By Chuck Strouse
By Scott Fishman
By Terrence McCoy
By Ryan Yousefi
By Ciara LaVelle, Kat Bein, Carolina Del Busto, and Liz Tracy
By Pepe Billete
By Ryan Yousefi
By Kyle Swenson
The Dover Kohl drawing makes everything all right, restoring to us the view, the green space, and the waterfront walkway promised and denied all these years. Look close and you'll even see, to the east of the American Airlines Arena, the soccer field Micky Arison and his Miami Heat folks pledged when they duped the public into the arena deal, then reneged once the deal was done. Taxpayers agreed to pay for all this before. Why not see if they'll pay for it again?
For a minute it looked like things might go differently with Bicentennial Park. Sure, the homeless have long wandered the grounds, staggering across the concrete gash left by the abandoned Miami Grand Prix speedway and sleeping on the brown grass killed off when the racetrack cut the sprinkler system. Artificial hills hide the bay from boulevard view. Heck, the park itself is pretty well hidden from the street. How do you get in there? And then there was the bankrupt café and that unfortunate murder.
But in 1998, when then-owner of the Florida Marlins John Henry tried to pull a Micky Arison and get the public to build his team a new ballpark in Bicentennial, long-time park crusader Dan Paul balked. He enlisted like-minded citizens to form the Urban Environment League and launched the Save Our Park campaign. Then upstart Johnny Winton upset incumbent J.L. Plummer in the city commission race for District 2 in November 1999. With the blessing of the new forward-looking commish, the Urban Environment League held a design charrette in March 2000, inviting the public to dream up alternative visions of the park and making the number-one priority the preservation of "maximum possible open space."
John Henry lost. The parks people won.
At least that's how it seemed.
As Dan Paul and friends were trying to save Bicentennial Park, the Museum of Science and MAM were trying to find a way to put big new buildings on the parkland.
You really can't blame the museums. There isn't much more they can do with the spaces they already have. Science, founded in 1949, is housed in a gorgeous if slightly rundown 55,000-square-foot historic building across Bayshore Drive from Vizcaya. Because the building is historic, by law the museum cannot alter the structure to expand. Instead there are plans to redo the planetarium with removable seats so the star dome can double as a meeting space. Drop ceilings over the exhibit space conceal storage -- and since the museum affiliated with the Smithsonian in 2000 and gained access to that institution's 142 million artifacts, the overhead space is especially cramped. The wildlife rehabilitation center is full of wounded raptors, misfit reptiles, and critters confiscated from customs, putting a tight squeeze on the museum's wildlife research partnerships.
If Science has outgrown its space, MAM is convinced that it needs new space to grow. When the Center for the Fine Arts opened in 1986, the 40,000-square-foot space was designed by renowned architect Philip Johnson to fit a modest budget and fulfill the modest ambitions of a kuntshalle, a space for bringing traveling art exhibits to Miami-Dade County. When director Suzanne Delahanty came on board in 1995, she knew the museum could be so much more. She led an all-day retreat for the CFA board followed by six months of community-based planning that gave the museum a grand new name, the Miami Art Museum, and an even grander mission: to give Miami a "flagship" museum with a "world class" art collection in a "world class" museum building. A second board retreat in 2000 confirmed that mission was too big to fit on Flagler Street.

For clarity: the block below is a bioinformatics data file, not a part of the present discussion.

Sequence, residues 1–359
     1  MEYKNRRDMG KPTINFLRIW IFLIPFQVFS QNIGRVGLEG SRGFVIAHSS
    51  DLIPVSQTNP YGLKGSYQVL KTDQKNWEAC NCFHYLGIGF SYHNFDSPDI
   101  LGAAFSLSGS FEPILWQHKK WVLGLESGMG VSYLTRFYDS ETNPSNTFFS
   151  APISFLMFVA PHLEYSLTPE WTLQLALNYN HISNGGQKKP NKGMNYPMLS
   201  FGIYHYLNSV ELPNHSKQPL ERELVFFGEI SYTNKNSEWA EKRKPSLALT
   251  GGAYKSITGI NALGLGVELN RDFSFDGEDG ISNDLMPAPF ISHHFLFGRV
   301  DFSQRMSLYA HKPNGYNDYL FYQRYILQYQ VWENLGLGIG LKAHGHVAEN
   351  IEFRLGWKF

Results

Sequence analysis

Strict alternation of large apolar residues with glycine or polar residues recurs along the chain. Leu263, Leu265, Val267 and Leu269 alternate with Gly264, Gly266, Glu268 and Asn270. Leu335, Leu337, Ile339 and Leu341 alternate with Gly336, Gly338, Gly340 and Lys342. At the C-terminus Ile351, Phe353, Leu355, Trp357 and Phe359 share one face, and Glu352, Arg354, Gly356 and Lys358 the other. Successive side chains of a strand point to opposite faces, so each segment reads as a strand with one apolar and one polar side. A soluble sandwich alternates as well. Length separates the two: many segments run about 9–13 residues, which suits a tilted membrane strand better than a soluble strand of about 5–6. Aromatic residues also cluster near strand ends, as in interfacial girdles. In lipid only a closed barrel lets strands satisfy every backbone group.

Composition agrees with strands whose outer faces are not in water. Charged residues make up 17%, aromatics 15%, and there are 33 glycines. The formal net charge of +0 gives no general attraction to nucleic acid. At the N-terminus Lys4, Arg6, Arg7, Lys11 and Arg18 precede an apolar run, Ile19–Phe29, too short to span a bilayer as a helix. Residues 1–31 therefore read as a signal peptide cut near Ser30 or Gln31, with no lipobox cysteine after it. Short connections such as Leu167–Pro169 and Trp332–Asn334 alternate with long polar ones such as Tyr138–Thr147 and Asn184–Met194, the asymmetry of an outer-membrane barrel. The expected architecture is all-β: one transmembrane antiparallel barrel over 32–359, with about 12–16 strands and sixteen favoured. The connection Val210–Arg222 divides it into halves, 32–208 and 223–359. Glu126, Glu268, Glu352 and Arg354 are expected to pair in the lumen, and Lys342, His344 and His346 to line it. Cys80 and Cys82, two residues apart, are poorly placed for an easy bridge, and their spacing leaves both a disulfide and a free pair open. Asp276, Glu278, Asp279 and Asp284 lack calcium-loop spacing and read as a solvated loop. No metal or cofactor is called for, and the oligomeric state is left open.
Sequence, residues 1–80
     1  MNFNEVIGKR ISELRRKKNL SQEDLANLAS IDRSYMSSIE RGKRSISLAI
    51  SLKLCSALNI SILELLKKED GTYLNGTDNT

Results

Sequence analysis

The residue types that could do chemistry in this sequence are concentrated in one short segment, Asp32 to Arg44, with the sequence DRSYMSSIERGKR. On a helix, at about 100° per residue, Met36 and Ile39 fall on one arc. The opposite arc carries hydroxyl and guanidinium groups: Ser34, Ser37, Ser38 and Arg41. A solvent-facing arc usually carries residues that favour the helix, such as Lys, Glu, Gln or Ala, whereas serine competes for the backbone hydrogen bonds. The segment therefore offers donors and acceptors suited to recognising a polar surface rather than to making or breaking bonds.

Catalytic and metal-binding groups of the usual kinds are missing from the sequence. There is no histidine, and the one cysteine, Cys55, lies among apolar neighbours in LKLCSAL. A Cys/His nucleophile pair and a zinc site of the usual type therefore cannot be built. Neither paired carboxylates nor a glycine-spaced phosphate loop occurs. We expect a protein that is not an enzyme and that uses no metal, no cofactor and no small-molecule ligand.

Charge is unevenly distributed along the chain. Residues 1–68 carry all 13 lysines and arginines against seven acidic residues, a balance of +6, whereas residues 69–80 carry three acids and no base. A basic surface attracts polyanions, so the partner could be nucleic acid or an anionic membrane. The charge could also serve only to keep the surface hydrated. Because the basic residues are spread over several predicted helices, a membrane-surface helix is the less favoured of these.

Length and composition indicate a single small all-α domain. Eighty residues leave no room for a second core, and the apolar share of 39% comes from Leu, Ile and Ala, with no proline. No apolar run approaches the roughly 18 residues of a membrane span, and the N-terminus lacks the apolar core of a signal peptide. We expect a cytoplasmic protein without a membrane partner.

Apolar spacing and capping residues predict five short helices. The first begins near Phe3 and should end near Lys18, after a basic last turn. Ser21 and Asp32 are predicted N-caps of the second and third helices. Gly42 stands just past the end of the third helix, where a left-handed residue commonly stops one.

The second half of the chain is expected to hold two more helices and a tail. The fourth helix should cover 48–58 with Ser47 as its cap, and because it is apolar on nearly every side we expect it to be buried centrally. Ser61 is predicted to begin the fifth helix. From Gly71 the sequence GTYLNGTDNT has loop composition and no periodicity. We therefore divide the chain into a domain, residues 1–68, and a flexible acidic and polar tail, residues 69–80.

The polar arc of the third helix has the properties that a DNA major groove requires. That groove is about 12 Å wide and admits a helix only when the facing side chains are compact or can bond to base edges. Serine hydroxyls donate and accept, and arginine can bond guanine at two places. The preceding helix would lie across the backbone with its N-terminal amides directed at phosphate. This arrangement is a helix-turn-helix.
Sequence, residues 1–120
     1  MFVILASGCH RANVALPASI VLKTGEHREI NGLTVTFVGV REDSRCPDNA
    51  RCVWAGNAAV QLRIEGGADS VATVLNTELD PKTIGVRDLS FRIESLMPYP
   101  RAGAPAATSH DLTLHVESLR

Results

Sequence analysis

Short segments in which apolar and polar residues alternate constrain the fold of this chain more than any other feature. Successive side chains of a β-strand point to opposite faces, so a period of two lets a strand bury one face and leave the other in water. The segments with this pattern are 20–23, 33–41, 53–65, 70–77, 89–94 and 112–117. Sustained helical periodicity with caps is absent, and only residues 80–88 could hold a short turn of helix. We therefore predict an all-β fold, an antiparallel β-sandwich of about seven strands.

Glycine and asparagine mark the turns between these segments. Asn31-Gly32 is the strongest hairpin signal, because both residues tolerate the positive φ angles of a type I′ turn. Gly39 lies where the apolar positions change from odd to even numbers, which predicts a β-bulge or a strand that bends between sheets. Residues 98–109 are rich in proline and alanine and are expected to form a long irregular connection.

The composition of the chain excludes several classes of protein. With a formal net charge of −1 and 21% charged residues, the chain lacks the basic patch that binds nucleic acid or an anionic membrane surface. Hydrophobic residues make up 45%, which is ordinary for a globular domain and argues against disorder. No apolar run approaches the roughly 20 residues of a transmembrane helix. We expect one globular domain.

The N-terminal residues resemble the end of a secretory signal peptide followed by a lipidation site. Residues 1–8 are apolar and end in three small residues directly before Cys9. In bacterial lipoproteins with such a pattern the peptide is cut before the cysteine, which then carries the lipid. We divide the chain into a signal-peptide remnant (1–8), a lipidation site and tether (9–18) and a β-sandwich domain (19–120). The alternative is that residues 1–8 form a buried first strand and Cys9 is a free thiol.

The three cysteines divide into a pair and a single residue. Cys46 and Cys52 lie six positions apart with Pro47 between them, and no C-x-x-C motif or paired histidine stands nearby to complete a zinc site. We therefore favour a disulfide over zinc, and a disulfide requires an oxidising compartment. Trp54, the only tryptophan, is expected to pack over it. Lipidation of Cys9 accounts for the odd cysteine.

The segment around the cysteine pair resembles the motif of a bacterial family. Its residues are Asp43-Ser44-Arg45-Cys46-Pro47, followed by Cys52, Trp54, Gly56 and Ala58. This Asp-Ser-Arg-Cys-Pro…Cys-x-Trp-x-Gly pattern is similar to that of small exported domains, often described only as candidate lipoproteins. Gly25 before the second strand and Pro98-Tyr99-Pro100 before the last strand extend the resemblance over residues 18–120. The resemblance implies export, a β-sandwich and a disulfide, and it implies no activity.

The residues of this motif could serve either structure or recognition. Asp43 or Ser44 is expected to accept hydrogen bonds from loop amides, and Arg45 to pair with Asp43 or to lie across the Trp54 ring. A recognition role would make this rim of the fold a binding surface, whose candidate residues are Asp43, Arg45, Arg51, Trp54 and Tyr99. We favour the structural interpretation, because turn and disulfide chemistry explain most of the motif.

A tour of the facility by associate curator Lorie Mertes is a catalogue of structural inadequacies. The museum's 150-seat auditorium also serves as a library, a banquet room, an art conservation laboratory, a temporary storage space. For entertaining there is a tiny kitchen with two chairs for staff and no room at all for a public café. An architectural oversight makes the loading dock MAM shares with the public library and the Historical Museum of South Florida too small to accommodate semi-trucks -- large-scale works must be carried through the downtown streets, up a long platform, then through the museum's front door.
Worst of all, there is no room in the present facility for a major permanent collection. Even the current, rather meager collection of less than 200 objects acquired over the past six years is too big to store in the humidity- and temperature-controlled cage in the museum basement.
When Miami-Dade Mayor Alex Penelas learned that both Science and MAM were looking for a new home, he urged the museums now housed in county facilities to work together to pursue a space in the city-owned Bicentennial Park. From that point on, gushes Delahanty, "MAM and Science were just joined at the hip."
So when Commissioner Winton convened a second design charrette for the park in February 2001, the museums came prepared to the Saturday session at the Biscayne Bay Marriott. Five full-color professional handouts -- filled with photos of museums in parks around the world and featuring a detailed map of where the museums would fit in Bicentennial Park -- easily outshone the photocopied proposals for Miami Tropical Gardens, an Amphitheatre of the Americas, and a clunky five-story sculpture called Sculptura.